5 Ways Benefits Buyers Win with Health Value Professional Training


By Aimee O’Brien
Chief Marketing Officer
Validation Institute

As we began rolling out Validation Institute’s Certified Health Value Professional (CHVP) health benefits training program across the country in late 2019, it became crystal clear that there is a gap in expected health outcomes and healthcare spending, and health value measurement training is a necessary solution to navigate a complex healthcare market.
The feedback about the training program design has been overwhelming positive, particularly when it comes to addressing these five major concerns of HR/benefits personnel:
1. Advance your career with specialized training
As healthcare premiums continue to rise, employers are looking for data-driven, cost-effective solutions to address an ever-increasing healthcare spend. CHVP designation means that you have actionable knowledge to help your company overcome a complicated healthcare benefits purchasing process. Being able to hone-in on that decision-making data and streamline the purchasing process by identifying quality solution providers yourself can set you apart from others in your field. Health value training showcases you as a solution-driven employee with their pulse of benefits purchasing.
2. Speak the language of your healthcare providers and benefits advisors to reduce costs
Health value professional training is designed to help you determine value and ROI, validate claims, and better manage your health benefits vendors. But it can also help empower CHVP candidates for more effective communication with benefits advisors, many who are also accessing the program. Having a common vocabulary and knowing the right questions to ask, as well as the right time to push back and what alternatives are available, puts you on a level playing field for some of your company’s most expensive commitments and most important negotiations.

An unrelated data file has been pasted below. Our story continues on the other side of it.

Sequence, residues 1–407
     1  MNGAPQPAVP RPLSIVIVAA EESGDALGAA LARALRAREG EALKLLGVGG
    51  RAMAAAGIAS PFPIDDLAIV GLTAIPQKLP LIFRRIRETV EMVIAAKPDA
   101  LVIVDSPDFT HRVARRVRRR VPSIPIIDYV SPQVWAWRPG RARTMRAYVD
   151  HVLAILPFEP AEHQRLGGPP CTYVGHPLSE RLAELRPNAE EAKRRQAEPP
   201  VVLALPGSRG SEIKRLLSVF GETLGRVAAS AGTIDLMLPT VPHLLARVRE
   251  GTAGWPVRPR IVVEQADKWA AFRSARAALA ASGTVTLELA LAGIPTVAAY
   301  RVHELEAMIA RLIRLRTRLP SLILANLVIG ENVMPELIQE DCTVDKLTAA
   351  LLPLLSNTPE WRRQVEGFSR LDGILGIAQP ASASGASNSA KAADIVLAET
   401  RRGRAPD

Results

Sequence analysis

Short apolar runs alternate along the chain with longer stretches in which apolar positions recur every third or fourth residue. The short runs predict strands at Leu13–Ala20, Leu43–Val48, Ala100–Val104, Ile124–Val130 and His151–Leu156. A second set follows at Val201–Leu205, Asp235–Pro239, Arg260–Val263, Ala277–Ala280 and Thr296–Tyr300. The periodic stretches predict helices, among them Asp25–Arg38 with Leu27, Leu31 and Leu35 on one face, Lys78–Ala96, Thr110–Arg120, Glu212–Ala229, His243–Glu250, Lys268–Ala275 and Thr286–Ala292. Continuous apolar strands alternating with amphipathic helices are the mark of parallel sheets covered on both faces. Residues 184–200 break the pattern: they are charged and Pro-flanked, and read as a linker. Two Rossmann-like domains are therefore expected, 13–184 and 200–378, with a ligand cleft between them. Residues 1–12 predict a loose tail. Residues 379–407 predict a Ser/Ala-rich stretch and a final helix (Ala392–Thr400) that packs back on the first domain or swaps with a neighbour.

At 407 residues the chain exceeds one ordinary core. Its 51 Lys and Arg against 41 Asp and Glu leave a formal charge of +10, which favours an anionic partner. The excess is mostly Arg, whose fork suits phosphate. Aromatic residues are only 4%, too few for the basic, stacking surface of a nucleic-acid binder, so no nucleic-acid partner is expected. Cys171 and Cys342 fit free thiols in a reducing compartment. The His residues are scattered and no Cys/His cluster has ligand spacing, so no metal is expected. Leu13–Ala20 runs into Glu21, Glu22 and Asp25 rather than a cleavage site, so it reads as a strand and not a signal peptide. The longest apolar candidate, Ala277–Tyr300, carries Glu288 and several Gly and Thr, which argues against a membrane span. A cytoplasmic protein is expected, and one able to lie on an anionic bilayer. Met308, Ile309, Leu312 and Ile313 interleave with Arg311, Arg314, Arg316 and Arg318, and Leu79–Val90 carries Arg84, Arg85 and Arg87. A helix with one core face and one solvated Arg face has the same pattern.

3. Deliver more effective healthcare programs to employees
With its endless supply of apps and devices aimed at encouraging healthier daily living, “wellness” is incredibly popular with employees, and from the employer’s perspective, it makes a great value-add to expensive health plans. In many cases, employers are hoping these initiatives drive down overall health plan costs, but that hypothesis is rarely tested, particularly in the microcosm of individual organizations, even as the definition of “wellness” gets broader and harder to define. Proper health value training should give its graduates the ability to look closer at these kinds of programs—as well as many others— to figure out what’s working, what’s not, and which providers might be able to fill in the gaps for your unique employees’ specific healthcare needs.
4. Change the industry from the inside
Decades of increased premiums and sup-par returns have shown that healthcare vendors and providers are almost solely motivated by revenue. Health value training, like our 12-module CHVP program, empowers organizations and their benefits purchasers to demand more from their vendors. The driver is saving money, but cost-savings isn’t the only result realized when focusing on health value. By self-reviewing performance and the services your employees need and use most, organizations can spend more wisely and ensure they’re getting top-notch service and care from those dollars.
5. Retain and attract top talent through healthcare benefits
A high-impact health plan with demonstrable, credible providers and add-ons can become the difference between retaining or losing talented employees, especially experience employees and those with families. A Glassdoor survey showed that 60% of job seekers consider benefits and other perks when accepting job offer, with healthcare topping the list of decision-influencing perks.
Validation Institute’s Certified Health Value Professional (CHVP) training tackles both sides of the healthcare purchasing issue: cost management and delivering high-impact healthcare to employees.  Here what some of our most recent graduates have to say about the program —